4.  Exercise: We’ve been known to find some pretty heavy items at our cleanups.  Why not get your sweat on while removing things like tires, mattresses and tables from canyons that have served as illegal dump sites?

Better than Crossfit: exercise through ILACSD tire removal

Better than Crossfit: exercise through ILACSD tire removal

3. Benefit your own community: Hey, you’re going to be here for a few years. Pitch in and do your part to protect San Diego’s beautiful beaches, bays and canyons—all of which are negatively impacted by pollution and litter.

Cleanups protect our beautiful beaches, oceans, and we bet these ducks appreciate them, too!

Cleanups protect our beautiful beaches and oceans, and we bet these ducks appreciate them, too!

2. Philanthropy: Most Greek organizations have a philanthropic component. That means you’re probably looking for community service opportunities. Well, we have plenty of ‘em! We host cleanups every month, and we have two ongoing volunteer programs that you can participate in year-round so you can get your fill of service.

1. Mingling: Ok, so you’re in a fraternity or sorority. You love meeting new people and building connections and relationships. Our cleanup events draw hundreds of volunteers; what better way to connect with other chapters and members than at a cleanup? Volunteer for a few hours, spend the rest of the day on the beach with some new friends. Not a bad way to spend a Saturday!

delta sigma phi

Delta Sigma Pi, a UCSD professional fraternity, out at a cleanup

You can see a list of our upcoming events at www.cleansd.org. Sign up for one today!

 

Protect Our Coast and Oceans Fund

Protecting the CA coast is now as easy as checking a box!

What if I told you that by simply checking a box, you could provide a meaningful donation to protecting the California Coast? That’s right, this year as you file your state income tax returns, you can show your love for California’s coast at the same time.  Just enter a donation of any amount next to the Protect Our Coast and Oceans Fund – listed in the “Voluntary Contributions” section on the last page of your California tax return. Your contribution will go back into our communities, providing grants to clean up shorelines, restore habitat, bring kids to the coast (some for the first time), and promote beach access.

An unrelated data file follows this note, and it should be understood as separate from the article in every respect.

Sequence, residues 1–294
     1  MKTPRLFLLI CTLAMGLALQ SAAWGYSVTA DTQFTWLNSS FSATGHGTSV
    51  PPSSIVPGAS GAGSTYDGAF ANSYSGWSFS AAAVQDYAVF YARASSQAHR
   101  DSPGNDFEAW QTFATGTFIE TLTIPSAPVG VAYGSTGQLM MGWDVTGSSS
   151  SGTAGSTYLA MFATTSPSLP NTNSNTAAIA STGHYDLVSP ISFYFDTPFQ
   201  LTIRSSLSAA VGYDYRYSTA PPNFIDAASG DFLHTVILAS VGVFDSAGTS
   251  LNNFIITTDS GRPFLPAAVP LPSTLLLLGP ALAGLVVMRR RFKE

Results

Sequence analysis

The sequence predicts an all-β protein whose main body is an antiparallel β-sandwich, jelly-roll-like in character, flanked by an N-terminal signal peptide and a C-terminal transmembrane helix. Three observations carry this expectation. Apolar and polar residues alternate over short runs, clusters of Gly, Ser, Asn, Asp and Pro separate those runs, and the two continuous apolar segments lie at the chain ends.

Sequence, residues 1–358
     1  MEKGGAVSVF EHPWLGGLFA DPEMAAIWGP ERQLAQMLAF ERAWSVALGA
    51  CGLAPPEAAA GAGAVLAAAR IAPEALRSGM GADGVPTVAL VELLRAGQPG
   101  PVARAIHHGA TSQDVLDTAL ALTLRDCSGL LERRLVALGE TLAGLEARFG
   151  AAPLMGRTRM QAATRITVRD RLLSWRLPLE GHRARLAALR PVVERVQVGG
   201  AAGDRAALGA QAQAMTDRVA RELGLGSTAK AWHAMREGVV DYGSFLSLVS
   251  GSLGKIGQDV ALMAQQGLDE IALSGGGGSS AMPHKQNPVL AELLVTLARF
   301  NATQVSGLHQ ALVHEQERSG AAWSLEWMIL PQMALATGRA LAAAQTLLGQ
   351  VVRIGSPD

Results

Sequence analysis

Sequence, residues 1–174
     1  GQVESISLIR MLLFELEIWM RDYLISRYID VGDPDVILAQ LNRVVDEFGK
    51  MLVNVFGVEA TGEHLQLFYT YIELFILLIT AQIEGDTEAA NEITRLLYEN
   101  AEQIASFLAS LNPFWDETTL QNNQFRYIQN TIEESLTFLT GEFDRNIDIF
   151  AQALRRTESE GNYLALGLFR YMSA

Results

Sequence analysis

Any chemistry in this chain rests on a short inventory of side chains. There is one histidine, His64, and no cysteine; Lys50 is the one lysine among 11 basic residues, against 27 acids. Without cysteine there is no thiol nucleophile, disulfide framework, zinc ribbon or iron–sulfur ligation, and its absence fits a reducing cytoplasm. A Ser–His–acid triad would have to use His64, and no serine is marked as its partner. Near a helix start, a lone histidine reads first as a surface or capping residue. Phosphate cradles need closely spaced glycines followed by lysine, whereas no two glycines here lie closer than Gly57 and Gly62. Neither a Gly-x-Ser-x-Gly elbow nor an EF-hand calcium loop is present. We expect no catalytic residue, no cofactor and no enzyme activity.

Just check the box!!

Just check the box!!

The donation goes to to the California Coastal Commission’s Whale Tail Grant Program, which provides a ton of funding for some local San Diego programs, including a couple of I Love A Clean San Diego programs.  Since its creation, the Whale Tail Grant Program has brought almost a million dollars, $902,231 to be exact, to San Diego County coastal and marine education programs!

Protect our coast and oceans for all of us, including our furry friends who love to enjoy some time at the beach.

Protect our coast and oceans for all of us, including our furry friends who love to enjoy some time at the beach.

Some of the programs that benefit from this funding are I Love A Clean San Diego’s “Adopt-A-Beach” Program, UC San Diego’s Birch Aquarium “School to Shoreline” Program, and the American Lung Association’s 1-800-NO SMOKE Campaign.  All of the programs that receive funding from the Whale Tail Grant program are dedicated in some way to either keeping our beaches and coastal areas clean and accessible, educating people about pollution prevention, or getting kids that maybe have never been to the beach educated about the environment and into the water.

For more information about the Whale Tail Grant Program or how to donate, check out www.checkthecoast.org. You can double your impact by getting a Whale Tail license plate next time you are renewing your car registration. Those funds also go right back into the community to support marine conservation.

Funds from the Whale Tail license plate program support ILACSD's Adopt-A-Beach program!

Funds from the Whale Tail license plate program support ILACSD’s Adopt-A-Beach program!

Questions From Kids: Why are storm drains not filtered?

Today’s blog post comes from our amazing program assistant, Nicole!

Being a Program Assistant for I Love A Clean San Diego is truly a wonderful experience. I’m filled with enormous gratitude to have the opportunity to visit schools throughout San Diego County and share information with students. Everywhere I visit, kids share curiosity for information about our environment and have a passion for the future of our planet and nature.

Our  High School Watershed Presentation raises environmental awareness in students by teaching the harms of storm water pollution in local watersheds. The presentation teaches that there are many types of pollution that are easily contained before they become a problem. Students are empowered to learn that they can be part of the solution by recycling oil, scooping poop, and utilizing hazardous waste collection services. However, to many students it seems only logical that something more must be done to resolve this problem.